How do you deal with the dismissive ‘enco... - Cure Parkinson's

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How do you deal with the dismissive ‘encouraging comments’ from friends and family like “people don’t die of Parkinson’s, you know”?

PalmSprings profile image

I know my friends mean well when they’re encouraging me with their words. In addition to the above comment, I also hear “you’re lucky, it’s not MS” and “there is a cure coming soon”. I look unscathed by Parkinson’s and my motto has been not to complain but these thoughtful comments feel empty, non empathetic and frankly they make me feel alone in this journey. I am so grateful to have found this site where people with Parkinson’s can air their issues. Many of your descriptions of symptoms are exactly what I have felt. Do any of you have a response to outsiders? I would like to express to some degree what I am dealing with and yet, I don’t want to make it sound like I am complaining? I just want to stop the incessant “you’re lucky it’s Parkinson’s and not” : ALS, cancer, MS, Alzheimer’s, etc comments. Or do I have to be the bigger person? People don’t know what to say; they are trying to give me hope and encouragement. Unfortunately, to me, these comments feel dismissive.

56 Replies

Hi Palm'

A french women has wrote her story with PD in a novel.

The title of this book would interest your friends. It's called :

" I am not afraid of cancer anymore".

PalmSprings profile image
PalmSprings in reply to Xenos

Thanks, I plan on reading this myself. What a perfect title! I appreciate your reply.

nldr18 profile image
nldr18 in reply to Xenos

Thanks Xenos for mentioning this book. I tried to find it on Amazon and the title is not coming up. Do you know the name of the author?

Natasha

Xenos profile image
Xenos in reply to nldr18

Hello Natasha,

I just googled the title in french, I was unable to find anything. As far as I remember I heard that story on french radio... Or did I unconsciously invent it ?

I think that people probably mean well, some of them care, some of them don't. However they really don't want to hear how you really feel.

I just tell them "I feel great".

Anyway, it makes them feel better.

PalmSprings profile image
PalmSprings in reply to parkie13

Exactly! I think you are right. Many people need to literally “walk a mile in your shoes” before they can truly empathize.

Those comments are dismissive and anyone who says such things is not a very good friend.

I truly appreciate your support. It helps to know that there are people out there that understand.

Very good question.

I am now to the point of smiling and biting my tongue.

I also answer How are you with "Fine"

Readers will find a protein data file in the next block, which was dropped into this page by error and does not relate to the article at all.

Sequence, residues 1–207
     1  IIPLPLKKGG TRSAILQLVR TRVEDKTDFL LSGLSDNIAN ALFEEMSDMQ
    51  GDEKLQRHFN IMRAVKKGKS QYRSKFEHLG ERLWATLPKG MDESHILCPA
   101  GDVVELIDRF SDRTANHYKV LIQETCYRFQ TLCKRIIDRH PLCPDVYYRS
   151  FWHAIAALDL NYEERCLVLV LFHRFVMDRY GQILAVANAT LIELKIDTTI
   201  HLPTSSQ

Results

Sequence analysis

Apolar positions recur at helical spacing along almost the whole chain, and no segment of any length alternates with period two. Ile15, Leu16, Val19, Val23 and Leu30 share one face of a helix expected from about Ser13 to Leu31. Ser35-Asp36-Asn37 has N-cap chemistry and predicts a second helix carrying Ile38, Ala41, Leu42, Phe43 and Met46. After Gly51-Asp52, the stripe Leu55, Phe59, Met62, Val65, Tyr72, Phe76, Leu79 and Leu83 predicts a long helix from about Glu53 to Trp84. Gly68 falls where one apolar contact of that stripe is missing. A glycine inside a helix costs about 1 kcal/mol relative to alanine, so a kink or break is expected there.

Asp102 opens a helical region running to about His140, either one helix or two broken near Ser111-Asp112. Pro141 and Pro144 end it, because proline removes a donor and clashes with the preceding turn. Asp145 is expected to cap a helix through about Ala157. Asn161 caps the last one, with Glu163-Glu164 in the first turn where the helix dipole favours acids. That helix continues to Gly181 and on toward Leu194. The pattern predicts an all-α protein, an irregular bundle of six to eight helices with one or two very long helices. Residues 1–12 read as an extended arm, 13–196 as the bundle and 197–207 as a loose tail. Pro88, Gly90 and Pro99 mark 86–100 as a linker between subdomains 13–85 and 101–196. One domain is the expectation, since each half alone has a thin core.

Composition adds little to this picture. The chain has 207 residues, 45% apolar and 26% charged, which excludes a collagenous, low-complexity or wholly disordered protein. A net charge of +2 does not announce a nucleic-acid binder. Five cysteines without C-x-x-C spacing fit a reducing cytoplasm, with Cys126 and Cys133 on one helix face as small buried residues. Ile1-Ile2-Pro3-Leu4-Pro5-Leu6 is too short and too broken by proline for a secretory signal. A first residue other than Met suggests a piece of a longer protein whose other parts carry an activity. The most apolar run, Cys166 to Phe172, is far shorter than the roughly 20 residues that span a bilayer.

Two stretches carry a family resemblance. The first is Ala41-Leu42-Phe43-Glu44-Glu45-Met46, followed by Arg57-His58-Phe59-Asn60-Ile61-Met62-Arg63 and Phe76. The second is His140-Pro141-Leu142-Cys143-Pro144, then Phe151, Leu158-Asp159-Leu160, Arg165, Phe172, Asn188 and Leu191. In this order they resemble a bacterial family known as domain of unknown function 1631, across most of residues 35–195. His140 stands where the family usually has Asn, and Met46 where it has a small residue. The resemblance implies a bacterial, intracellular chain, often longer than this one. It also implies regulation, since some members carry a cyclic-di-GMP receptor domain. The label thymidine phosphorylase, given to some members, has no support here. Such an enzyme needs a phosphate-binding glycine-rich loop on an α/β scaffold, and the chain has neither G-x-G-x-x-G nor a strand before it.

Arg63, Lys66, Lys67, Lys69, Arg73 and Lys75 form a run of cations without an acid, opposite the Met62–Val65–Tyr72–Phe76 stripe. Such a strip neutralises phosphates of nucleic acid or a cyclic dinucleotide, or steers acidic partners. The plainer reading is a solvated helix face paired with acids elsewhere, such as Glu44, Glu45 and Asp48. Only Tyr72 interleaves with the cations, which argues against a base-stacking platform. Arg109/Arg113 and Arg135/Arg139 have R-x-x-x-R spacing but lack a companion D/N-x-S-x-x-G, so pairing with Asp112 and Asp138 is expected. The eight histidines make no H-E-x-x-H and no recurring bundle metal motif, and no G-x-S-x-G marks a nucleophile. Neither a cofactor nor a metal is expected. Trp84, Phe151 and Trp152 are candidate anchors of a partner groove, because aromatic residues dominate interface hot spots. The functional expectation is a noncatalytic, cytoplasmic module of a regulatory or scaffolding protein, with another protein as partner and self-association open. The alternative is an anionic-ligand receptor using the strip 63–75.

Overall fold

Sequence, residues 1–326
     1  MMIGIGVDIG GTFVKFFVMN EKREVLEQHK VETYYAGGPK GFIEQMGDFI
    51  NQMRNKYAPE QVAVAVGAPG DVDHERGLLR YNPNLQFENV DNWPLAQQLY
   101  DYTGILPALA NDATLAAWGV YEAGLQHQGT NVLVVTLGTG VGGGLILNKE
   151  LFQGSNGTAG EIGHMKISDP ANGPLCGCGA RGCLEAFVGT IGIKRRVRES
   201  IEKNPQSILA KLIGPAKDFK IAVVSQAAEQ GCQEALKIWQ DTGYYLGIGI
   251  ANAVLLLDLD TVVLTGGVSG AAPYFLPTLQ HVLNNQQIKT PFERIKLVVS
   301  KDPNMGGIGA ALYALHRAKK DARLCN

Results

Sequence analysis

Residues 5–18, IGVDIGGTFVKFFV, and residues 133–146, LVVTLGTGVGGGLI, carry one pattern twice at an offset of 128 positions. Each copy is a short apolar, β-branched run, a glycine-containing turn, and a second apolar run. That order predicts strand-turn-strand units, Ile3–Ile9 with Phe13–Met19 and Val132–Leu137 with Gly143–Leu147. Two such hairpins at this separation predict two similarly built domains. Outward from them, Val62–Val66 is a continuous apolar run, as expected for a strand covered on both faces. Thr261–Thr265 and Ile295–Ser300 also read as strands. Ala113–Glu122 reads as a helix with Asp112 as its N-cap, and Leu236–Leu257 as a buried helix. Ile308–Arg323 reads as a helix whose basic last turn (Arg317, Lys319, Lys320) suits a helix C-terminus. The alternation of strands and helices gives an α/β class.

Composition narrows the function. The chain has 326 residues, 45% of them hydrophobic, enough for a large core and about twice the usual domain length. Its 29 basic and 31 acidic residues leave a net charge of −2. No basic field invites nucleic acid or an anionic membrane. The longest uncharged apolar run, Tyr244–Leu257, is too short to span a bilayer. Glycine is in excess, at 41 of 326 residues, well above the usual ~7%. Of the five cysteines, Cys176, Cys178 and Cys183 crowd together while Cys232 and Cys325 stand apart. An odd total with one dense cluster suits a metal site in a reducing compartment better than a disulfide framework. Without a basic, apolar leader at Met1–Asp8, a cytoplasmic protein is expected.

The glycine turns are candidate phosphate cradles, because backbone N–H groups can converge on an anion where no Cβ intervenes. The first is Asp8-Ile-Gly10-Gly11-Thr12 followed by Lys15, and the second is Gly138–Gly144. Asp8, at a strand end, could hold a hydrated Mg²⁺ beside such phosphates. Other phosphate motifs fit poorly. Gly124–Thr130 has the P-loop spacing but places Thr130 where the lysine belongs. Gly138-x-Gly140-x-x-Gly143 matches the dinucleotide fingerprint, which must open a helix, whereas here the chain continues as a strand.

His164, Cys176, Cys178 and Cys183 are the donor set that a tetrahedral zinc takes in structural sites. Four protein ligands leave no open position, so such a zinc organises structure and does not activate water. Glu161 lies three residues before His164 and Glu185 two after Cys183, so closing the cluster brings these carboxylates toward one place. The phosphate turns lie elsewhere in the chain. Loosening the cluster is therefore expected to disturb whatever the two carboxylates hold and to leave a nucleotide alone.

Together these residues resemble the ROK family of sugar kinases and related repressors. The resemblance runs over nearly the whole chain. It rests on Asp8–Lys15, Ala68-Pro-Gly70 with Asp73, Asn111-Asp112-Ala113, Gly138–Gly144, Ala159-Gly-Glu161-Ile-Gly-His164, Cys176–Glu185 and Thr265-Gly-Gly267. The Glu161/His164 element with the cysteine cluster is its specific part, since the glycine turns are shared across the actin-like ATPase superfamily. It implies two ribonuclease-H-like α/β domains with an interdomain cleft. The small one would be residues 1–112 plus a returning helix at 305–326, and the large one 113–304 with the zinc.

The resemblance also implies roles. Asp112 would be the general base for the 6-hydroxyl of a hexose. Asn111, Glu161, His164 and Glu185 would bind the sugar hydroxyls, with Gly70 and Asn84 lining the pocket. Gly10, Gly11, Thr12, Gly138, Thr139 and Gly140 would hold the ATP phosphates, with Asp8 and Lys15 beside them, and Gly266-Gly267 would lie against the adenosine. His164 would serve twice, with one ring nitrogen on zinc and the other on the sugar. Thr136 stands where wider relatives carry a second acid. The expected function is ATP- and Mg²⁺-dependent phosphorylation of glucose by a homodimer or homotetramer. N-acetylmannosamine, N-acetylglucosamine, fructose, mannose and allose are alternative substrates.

I do not complain or discuss PD with 98%

It has taken a very long time to get to this level and no longer telling them , to F#&% - #%%, (expletive deleted) but my control over reversion is tenuous.

One neighbor told me that his grandfather had Parkinsons, and that he knew the signs and I did not have PD and intimated I was faking it. Expletive was well used in my response that seemed to surprise him.

We are now waving neighbors, he waves, I give him the finger

PalmSprings profile image
PalmSprings in reply to GymBag

I so appreciate people that understand. Sometimes I have wanted to burst out every expletive I know. Because I don’t complain, my sister believes the meds I am on have cured me. She laughs because she has heard that gabapentin is a ‘happy pill’. There would be no point in telling her that I am taking it primarily to relieve the odd numbness, tingling and electrical pulses that radiate through my body. And as we all know the meds only take the edge off. There is no magic pill. Unless, I am ill informed; please let me know if there is a magic pill?

Some of the people I love the most seem to hold grudges,,angers from long long ago ~

humph3 profile image
humph3 in reply to PalmSprings

I agree with most of the comments here but my magic pill has been vit B1. It has helped my symptoms for 18 months. Initially taking a high dose I am now on a low dose with very few symptoms.

pdpatient profile image
pdpatient in reply to GymBag

Gymbag, I commiserate with you on this topic. You will not believe the number of times I've been accused of faking it and quite rudely and unabashedly so.

People have no sympathy, no empathy or genuine concern. These are from the people I know!

Now, I must say that I have gotten a lot of help from total strangers. When people find me struggling, they have rushed to help. I used to travel for work extensively until recently even after diagnosis. I have always been thankful and grateful to get such attend. But I hope that I could get more of the good stuff from friends and family and even work colleagues 😤